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Good points, not well executed

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Chomsky makes a lot of very good points here, and his analysis of contemporary political trends seems pretty accurate. However, there are a number of drawbacks to this particular book. A lot of the criticisms are the same ones that can be leveled at many other Chomsky works. For one, this book comes across as extremely disorganized and rambling. This wasn't written from scratch as a book per se, but was culled from transcripts of speeches, essays, book introductions/forewords, and yes a few original pieces. He also makes too many reference to things being "discussed elsewhere", as in "buy my other books!" The writing is also a bit mediocre, overly glib and full of sarcasm that doesn't translate into print well. Another thing lacking is support/citations. Some of the chapters here have none, and the ones that do have endnotes are still skimpy. So when Chomsky asserts things like "In 1971 , 90 percent of international financial transactions were related to the real economy--trade or long term investment--and 10 percent were speculative. By 1990 the percentages were reversed . . ." (from chapter 1: Neoliberalism and Global Order). But where do these figures come from? And what exactly makes investment speculative? Not being "long term", whatever that means? Apparently, we are just supposed to "trust" him. I guess that's just not enough for me, even if I still tend to agree with most of the ultimate conclusions.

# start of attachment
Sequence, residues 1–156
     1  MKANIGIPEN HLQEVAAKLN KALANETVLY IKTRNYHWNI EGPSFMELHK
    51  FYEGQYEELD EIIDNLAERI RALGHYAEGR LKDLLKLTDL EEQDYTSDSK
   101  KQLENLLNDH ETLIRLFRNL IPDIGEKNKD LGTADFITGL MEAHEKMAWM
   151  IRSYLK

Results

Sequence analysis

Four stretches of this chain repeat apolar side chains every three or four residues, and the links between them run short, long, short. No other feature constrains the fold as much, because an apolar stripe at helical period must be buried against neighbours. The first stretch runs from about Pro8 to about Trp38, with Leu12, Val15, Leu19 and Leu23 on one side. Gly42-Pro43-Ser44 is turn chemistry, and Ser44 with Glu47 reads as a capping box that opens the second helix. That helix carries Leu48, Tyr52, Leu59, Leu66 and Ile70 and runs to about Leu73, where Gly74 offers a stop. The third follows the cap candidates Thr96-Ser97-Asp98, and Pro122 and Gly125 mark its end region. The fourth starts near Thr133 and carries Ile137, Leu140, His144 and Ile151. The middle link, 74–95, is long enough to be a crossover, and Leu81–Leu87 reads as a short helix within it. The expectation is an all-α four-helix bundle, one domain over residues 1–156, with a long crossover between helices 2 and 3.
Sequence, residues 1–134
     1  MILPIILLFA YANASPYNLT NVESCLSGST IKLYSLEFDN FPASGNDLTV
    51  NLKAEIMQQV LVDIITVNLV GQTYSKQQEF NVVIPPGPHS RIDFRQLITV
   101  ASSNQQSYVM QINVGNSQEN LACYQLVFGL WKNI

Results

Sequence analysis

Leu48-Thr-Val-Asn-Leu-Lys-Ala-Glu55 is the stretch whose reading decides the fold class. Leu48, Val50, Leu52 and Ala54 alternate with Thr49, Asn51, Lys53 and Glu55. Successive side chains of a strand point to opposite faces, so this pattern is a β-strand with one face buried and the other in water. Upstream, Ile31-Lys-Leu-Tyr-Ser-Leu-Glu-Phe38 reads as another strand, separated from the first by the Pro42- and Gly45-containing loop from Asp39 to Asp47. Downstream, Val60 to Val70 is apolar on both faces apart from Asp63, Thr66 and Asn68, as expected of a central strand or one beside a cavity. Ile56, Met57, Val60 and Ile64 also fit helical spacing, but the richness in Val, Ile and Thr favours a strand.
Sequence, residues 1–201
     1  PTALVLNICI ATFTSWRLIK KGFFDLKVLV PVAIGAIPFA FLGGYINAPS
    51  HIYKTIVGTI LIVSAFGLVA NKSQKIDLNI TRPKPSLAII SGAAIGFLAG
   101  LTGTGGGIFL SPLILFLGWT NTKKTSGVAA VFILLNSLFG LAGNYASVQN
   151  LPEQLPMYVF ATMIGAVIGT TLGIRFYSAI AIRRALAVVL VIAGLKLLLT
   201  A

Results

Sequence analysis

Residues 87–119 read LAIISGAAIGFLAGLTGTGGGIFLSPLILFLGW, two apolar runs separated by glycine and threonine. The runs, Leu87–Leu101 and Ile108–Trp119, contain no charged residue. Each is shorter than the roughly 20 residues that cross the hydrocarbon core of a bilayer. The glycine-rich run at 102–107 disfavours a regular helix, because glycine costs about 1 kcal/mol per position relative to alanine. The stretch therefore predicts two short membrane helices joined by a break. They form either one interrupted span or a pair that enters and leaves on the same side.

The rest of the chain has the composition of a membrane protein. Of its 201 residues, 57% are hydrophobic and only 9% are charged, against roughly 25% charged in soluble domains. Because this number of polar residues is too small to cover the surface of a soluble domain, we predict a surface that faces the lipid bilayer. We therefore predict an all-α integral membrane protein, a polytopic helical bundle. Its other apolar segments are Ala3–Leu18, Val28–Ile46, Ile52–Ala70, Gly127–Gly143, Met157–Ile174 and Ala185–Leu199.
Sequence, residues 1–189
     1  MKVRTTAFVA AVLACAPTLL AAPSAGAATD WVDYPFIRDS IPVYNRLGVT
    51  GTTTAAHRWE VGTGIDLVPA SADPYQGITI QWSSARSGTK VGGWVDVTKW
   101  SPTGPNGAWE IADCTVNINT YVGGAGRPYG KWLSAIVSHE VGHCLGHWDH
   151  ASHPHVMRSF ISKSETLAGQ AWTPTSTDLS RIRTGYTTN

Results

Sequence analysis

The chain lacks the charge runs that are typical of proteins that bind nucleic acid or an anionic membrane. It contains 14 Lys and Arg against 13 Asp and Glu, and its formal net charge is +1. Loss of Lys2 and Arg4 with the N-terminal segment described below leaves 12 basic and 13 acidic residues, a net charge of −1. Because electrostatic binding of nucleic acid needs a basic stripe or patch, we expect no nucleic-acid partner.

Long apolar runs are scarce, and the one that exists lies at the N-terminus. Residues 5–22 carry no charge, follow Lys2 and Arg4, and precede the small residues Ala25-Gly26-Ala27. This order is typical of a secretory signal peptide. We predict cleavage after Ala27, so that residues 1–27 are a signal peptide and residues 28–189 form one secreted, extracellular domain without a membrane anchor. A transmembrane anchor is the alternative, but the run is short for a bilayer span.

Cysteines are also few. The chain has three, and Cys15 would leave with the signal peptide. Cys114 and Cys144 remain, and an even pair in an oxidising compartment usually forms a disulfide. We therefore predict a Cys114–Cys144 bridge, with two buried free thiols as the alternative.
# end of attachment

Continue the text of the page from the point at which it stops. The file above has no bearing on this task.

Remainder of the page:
Robert McChesney's intro is invaluable. It's the most clearly and concisely written piece in the book.
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Added by azuege
10 years ago on 17 May 2007 02:38




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